There are two main families which contain birds with ‘blackbird’ in their name; Icteridae and Turdidae. The name ‘blackbird’ is somewhat of a catch-all for many birds with nearly all-black plumage, but these two families are barely related at all! Nevertheless, blackbirds are a familiar sight throughout much of the world. Here, we’re going to answer the question, “how long do blackbirds live?”
Blackbirds are short-lived birds that typically only live for 2 to 4 years. In the UK, the Common blackbird has a life expectancy of around 3.4 years, and it’s a similar story regarding the non-related North American blackbirds, such as the Red-winged blackbird, which has a life expectancy of just 2.4 years. But, of course, they can live much longer - the oldest blackbirds recorded in the wild are aged between 15 to 20.
The low life expectancy of blackbirds is mainly due to high nestling, fledgling and juvenile mortality rates. Both the Common blackbirds and many North American blackbirds have a year-on-year survival rate of between just 40% and 70%. In addition, young blackbirds have just a 37% chance of reaching adulthood.
Unfortunately, many young blackbirds will never leave the nest, and their adult life is fraught with perils. Despite high mortality rates, blackbirds are still a common and successful bird, and their populations are generally stable.
Read on to learn more about the lifespans of these well-known garden birds!
Red-winged Blackbird, found in the US
The typical lifespan of a Common or European blackbird is 3.4 years. While this seems low, it’s about average for songbirds which generally have short lives and fast lifecycles.
Many blackbirds fail to fledge from the nest, and even if they do, their year-on-year survival rate is only about 50% to 70%. Around 50% of all nests fail, which is partly why blackbirds have 2 to 3 broods a year to compensate. While many blackbirds don’t live for long, many older individuals have been recorded living for longer than 10 years, or even 20 years or longer!
Like with many birds, the lifespan of a blackbird is a game of chance. If they can avoid predators and find plenty of food in a relatively safe and stable environment, they have a good chance of surviving for longer than their allotted 3.4 years.
The lifespans of other blackbirds are very similar to the Common blackbird. For example, the North American Red-winged blackbird typically only lives for 2.4 years. The Indian blackbird, which is related to the Common blackbird, also only lives for around 2 to 4 years.
Blackbird singing in the trees
Blackbirds are often killed by predators like hawks, owls, cats and foxes. Their nests may also be predated by corvids, like the magpie, jay and crow, as well as cuckoos. Blackbirds are known to abandon their nests at the whiff of danger too, which means any unfledged birds will likely die from starvation.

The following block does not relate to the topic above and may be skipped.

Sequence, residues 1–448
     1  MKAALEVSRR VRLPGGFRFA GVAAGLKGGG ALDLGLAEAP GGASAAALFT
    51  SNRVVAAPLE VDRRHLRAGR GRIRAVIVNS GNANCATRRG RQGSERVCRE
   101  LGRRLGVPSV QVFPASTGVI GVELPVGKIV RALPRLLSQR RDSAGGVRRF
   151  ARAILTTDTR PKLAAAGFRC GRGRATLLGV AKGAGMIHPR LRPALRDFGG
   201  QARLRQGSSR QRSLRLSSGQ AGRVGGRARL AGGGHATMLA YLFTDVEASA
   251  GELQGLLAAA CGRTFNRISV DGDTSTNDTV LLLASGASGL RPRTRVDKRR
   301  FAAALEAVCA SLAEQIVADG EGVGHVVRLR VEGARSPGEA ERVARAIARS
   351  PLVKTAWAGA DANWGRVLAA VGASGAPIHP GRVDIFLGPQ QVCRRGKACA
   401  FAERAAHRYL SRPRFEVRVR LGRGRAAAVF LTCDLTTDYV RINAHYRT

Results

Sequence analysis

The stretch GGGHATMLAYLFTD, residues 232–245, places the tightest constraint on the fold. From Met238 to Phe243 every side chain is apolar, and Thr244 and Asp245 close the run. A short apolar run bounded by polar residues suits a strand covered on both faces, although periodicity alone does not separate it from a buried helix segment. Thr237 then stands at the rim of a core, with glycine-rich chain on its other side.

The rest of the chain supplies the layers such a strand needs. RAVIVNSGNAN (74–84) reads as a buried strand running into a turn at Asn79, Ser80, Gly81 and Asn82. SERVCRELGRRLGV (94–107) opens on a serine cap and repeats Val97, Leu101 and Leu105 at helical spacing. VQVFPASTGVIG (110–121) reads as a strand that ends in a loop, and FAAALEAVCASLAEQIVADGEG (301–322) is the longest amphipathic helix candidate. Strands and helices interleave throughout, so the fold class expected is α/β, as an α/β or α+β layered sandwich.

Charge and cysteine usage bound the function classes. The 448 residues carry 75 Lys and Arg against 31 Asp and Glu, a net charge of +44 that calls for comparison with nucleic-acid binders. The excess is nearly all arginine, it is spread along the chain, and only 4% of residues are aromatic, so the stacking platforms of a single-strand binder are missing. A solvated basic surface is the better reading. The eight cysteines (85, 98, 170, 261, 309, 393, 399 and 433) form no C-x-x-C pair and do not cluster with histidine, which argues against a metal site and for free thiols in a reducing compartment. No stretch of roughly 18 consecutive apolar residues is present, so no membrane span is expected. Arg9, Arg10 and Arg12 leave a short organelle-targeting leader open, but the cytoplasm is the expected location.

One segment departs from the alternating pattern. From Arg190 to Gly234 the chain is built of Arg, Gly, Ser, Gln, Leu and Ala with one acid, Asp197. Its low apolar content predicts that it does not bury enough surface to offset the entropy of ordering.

Most blackbirds die in the nest, not too long after hatching. Nestling survival rates are about 50%, so almost half of all nestlings fail to fledge. Studies show that the heavier the hatchling at birth, the higher its survival rate generally is.
But their perils don’t stop there; many fledglings will also die before they are one year old. After then, the year-on-year survival rate of adult blackbirds goes up a little, climbing to around 70% in the UK. So, each year, only 7/10 adult blackbirds will survive.
While this seems like doom and gloom, the rapid lifecycle of the blackbird helps it thrive in the face of adversity. Birds can fledge in just nine days, which is phenomenally fast compared to many other birds. Like many other small songbirds, blackbirds live life in the fast lane!
A juvenile Eurasian Blackbird (Common Blackbird)
Blackbirds have super-fast lifecycles. From the moment an egg is laid, many blackbirds will hatch and leave the nest within the next month, long before the end of the breeding season. This enables blackbirds to raise as many as three broods per year.
The Common blackbird faces numerous threats on both land and in the air. Many nests fail through predation, and fledglings are especially vulnerable to land predators during their first month outside of the nest.
Blackbirds’ main predators are:
As well as animals, blackbirds are often infested with ticks. As many as 70% of blackbirds in rural France were found infested with at least one type of tick. While ticks are not predators to blackbirds, they’re still a significant cause of ill health.
Blackbird eating berries
The oldest Common blackbird was at least 20 years and 3 months old. This is vastly above the blackbird’s typical 2 to 4-year lifespan and just goes to show that the biological life expectancy of many birds is much, much higher than their average lifespan.
The oldest Red-winged blackbird was a similar 15 years, 9 months old, and was banded in New Jersey in 1967.
Blackbirds will attempt to feed every day, and will usually be successful during the summer and winter at least. They can probably live for around 2 to 3 days without food but will become slow and lethargic.
Most small birds are metabolically active for most of the day and need to feed relatively regularly.
A male blackbird with two recently fledged blackbird chicks
Blackbirds often roost in tree and wall cavities during winter. In addition, many blackbirds choose to roost communally in small flocks, huddling for warmth. Nesting boxes also provide warm shelter for winter birds.
Blackbirds further north than the UK, e.g. those in Scandinavia, will typically head south and west during the winter to find warmer wintering grounds.
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